FTC Diet Fraud Testimony Challenges Weight-Loss Industry

The Federal Trade Commission (FTC) recently testified before Congress about its efforts to combat deceptive and fraudulent weight-loss product claims. The testimony focused on the agency’s efforts to use law enforcement, media influence, and consumer education to alter the status quo surrounding weight-loss products. The FTC reports that $2.4 billion was spent on weight-loss products last year, with little evidence that any of those products had an impact on the obesity epidemic in the U.S.  Nearly 70 percent of U.S. adults are obese or overweight.

Law Enforcement

The FTC testified that in the past 10 years it brought 82 weight-loss related enforcement actions and, since 2010, has collected $107 million for consumer restitution. The agency discussed some of its recent enforcement actions and highlighted new trends in weight-loss product deception, including reliance on erroneous or fabricated studies and the use of trusted spokespeople to legitimize fraudulent products. It offered the example of the Green Coffee dietary supplement which was promoted on The Dr. OZ Show and made overblown claims that those who took the supplement could “lose twenty pounds in four weeks.”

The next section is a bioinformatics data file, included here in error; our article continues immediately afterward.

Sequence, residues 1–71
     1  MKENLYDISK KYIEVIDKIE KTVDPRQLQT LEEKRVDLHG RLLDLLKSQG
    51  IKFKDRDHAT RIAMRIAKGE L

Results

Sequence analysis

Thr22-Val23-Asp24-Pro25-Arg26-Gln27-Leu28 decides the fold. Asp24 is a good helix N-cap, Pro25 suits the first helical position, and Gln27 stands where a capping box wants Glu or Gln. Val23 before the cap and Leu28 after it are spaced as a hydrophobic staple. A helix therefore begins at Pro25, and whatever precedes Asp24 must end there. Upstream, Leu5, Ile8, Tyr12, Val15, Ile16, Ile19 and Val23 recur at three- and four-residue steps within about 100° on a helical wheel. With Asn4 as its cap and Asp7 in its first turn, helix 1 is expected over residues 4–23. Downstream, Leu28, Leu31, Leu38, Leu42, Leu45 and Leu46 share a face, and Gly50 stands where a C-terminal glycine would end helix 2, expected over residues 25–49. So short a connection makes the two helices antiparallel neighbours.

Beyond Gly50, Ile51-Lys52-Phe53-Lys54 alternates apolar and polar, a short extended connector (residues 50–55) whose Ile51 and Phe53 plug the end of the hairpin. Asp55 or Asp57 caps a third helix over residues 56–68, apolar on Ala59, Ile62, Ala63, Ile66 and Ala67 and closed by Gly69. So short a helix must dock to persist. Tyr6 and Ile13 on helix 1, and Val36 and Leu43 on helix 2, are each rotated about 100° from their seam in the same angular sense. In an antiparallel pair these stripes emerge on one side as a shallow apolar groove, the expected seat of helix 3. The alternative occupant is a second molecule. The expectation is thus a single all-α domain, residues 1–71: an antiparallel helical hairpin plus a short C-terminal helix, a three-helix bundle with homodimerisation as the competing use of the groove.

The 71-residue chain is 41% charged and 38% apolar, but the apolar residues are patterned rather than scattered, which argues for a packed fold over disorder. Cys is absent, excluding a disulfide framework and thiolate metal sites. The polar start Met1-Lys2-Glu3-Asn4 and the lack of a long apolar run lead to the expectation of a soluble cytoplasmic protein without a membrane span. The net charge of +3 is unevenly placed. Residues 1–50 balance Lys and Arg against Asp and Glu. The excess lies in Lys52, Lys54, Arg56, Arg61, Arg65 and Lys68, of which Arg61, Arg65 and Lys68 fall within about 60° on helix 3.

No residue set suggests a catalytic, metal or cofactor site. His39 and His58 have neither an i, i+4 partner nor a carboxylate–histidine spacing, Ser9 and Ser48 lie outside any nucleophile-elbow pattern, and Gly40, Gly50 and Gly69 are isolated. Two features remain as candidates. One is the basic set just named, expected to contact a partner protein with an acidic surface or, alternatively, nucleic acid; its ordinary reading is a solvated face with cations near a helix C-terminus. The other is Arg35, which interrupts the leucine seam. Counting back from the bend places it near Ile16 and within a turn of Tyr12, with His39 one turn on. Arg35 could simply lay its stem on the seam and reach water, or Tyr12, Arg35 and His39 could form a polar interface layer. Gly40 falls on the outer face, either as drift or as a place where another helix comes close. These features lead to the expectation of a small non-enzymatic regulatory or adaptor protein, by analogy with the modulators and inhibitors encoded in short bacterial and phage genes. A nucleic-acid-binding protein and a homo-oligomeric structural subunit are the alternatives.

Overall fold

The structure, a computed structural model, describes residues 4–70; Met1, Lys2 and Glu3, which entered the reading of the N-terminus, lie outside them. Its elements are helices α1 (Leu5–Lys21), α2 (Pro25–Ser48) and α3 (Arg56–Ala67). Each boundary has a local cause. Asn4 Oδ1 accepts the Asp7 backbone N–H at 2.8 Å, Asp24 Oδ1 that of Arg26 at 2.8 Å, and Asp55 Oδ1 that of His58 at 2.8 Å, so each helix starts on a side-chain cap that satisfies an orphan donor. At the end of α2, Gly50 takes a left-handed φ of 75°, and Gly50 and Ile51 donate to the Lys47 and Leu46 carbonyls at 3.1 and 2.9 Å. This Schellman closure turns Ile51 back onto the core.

Media

The testimony included commentary on the agency’s relationship with the media and the measures it takes to make major media outlets think twice about running certain kinds of advertisements or promotions, specifically those which experts agree cannot be true. The FTC’s “Gut Check” reference guide lists the seven most outrageous claims, which the FTC says are never accurate. The reference guide is designed to make companies do a “Gut Check” or double take before they run a fraudulent ad.

Consumer Education

The FTC’s message to consumers is that “the only thing they will lose is money if they fall for ads promising quick weight loss without diet or exercise.” The agency’s testimony and its consumer information webpage both echo the thinking that the greatest prevention against consumer fraud is savvy consumers. The commission’s newest attempts to reach out to consumers include an internet game called the “FTC Weight Loss Challenge.” The challenge is designed to help consumers engage in critical thinking about weight-loss products and the claims used to promote them.